Recently I sat down with my wife to watch yet another fascinating talk on TED. Afterward, we tried to remember an anecdote about a little girl drawing a picture of God from an old TED talk by Sir Keith Robinson. Inevitably, we had to re-watch it — and what a great idea that was!
Education is obviously at core of what we’re about here at LITFL. When I think back to all the incredibly talented people I know from medical school, I can’t help think that what we’ve been through may have poured more than a few drops of water on our collective sparks of creativity. Most of us are probably still a bit damp.
Obviously, to get into medical school in the first place you have to be among the education system’s “winners”. But we may have lost something along the way. Does our entire system of education kill creativity? This is what Sir Keith Robinson, one of the world’s most entertaining speakers, asks in his brilliant, hilarious talk.
You might argue that retaining creativity is not nearly as important for a physician or scientist as it is for an artist or muscian.
You’d be wrong.
As physicians we encounter a misty maze of countless new situations and new problems every day. The spark of creativity can help us by lighting the way forward. All the more impressive, are the physicians who have not only retained the spark, but have fanned it into a glowing flame, despite the ever-present restraints of physical reality and suffocating bureaucracy. Such people show us all the way forward.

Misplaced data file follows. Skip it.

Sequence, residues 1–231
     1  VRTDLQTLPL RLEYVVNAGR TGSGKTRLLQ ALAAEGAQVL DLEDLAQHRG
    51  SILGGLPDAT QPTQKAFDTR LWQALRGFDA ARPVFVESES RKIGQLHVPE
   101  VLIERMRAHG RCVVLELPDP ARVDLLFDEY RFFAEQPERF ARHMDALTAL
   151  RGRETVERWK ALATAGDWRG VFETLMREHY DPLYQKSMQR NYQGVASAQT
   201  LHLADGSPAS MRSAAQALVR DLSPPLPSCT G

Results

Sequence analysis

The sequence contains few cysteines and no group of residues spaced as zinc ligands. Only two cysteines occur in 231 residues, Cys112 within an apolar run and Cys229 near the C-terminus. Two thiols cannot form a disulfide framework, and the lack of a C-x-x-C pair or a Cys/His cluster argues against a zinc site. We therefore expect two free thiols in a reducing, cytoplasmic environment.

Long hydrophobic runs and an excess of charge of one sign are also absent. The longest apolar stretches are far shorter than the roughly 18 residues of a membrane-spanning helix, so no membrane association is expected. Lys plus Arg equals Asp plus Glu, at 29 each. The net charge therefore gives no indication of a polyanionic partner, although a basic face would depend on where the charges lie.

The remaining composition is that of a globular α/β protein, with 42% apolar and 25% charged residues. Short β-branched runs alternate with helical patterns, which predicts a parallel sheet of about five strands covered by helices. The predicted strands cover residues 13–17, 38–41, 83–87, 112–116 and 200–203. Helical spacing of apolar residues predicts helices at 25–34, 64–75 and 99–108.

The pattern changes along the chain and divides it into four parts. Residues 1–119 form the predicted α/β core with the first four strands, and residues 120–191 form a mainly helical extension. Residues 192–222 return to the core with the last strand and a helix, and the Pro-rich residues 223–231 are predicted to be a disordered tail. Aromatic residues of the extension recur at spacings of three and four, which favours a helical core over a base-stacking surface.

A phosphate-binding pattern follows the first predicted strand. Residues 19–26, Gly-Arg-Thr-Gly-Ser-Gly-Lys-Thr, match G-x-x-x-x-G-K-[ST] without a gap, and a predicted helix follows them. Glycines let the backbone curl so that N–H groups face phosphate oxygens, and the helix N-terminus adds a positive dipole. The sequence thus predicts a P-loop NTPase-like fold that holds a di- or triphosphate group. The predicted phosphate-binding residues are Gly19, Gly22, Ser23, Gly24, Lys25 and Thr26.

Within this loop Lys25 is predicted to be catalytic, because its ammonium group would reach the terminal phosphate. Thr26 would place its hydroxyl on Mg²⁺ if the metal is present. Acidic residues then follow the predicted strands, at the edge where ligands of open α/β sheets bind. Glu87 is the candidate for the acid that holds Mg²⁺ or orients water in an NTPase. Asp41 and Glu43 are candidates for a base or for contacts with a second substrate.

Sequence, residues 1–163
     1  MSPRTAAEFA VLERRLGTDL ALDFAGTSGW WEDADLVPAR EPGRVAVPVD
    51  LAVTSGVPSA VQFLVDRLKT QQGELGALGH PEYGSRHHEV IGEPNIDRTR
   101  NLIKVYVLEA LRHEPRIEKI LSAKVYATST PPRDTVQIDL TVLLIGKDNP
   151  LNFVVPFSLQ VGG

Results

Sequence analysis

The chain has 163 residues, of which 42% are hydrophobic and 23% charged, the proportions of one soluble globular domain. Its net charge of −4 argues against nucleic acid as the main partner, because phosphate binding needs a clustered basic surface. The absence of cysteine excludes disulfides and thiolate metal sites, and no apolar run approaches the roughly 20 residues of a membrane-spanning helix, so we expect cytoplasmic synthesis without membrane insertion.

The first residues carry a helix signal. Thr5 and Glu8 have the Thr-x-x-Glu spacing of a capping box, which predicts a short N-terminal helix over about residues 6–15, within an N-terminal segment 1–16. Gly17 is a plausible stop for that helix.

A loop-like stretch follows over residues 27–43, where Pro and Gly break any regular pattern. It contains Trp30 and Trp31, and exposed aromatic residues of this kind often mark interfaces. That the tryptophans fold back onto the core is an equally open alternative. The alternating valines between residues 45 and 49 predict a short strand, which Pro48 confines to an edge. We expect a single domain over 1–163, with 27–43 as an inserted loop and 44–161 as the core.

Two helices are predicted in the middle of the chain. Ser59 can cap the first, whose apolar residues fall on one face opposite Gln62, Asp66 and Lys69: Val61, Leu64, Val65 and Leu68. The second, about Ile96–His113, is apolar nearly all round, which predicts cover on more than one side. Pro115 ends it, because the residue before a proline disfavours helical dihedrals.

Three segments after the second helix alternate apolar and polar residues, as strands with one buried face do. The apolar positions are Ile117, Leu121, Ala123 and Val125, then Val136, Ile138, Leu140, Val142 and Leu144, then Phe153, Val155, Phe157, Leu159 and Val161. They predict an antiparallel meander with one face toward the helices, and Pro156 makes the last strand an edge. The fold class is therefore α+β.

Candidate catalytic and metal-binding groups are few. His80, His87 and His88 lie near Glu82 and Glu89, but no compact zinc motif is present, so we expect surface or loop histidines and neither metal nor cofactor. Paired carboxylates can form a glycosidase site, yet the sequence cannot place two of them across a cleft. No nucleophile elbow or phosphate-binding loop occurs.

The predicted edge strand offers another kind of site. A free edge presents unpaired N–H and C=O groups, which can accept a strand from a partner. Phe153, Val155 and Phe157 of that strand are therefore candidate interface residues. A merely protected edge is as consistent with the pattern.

After finishing his medical degree at the University of Auckland, he continued post-graduate training in New Zealand as well as Australia’s Northern Territory, Perth and Melbourne. He has completed fellowship training in both intensive care medicine and emergency medicine, as well as post-graduate training in biochemistry, clinical toxicology, clinical epidemiology, and health professional education.
He is actively involved in in using translational simulation to improve patient care and the design of processes and systems at Alfred Health. He coordinates the Alfred ICU’s education and simulation programmes and runs the unit’s education website, INTENSIVE. He created the ‘Critically Ill Airway’ course and teaches on numerous courses around the world. He is one of the founders of the FOAM movement (Free Open-Access Medical education) and is co-creator of litfl.com, the RAGE podcast, the Resuscitology course, and the SMACC conference.
His one great achievement is being the father of two amazing children.
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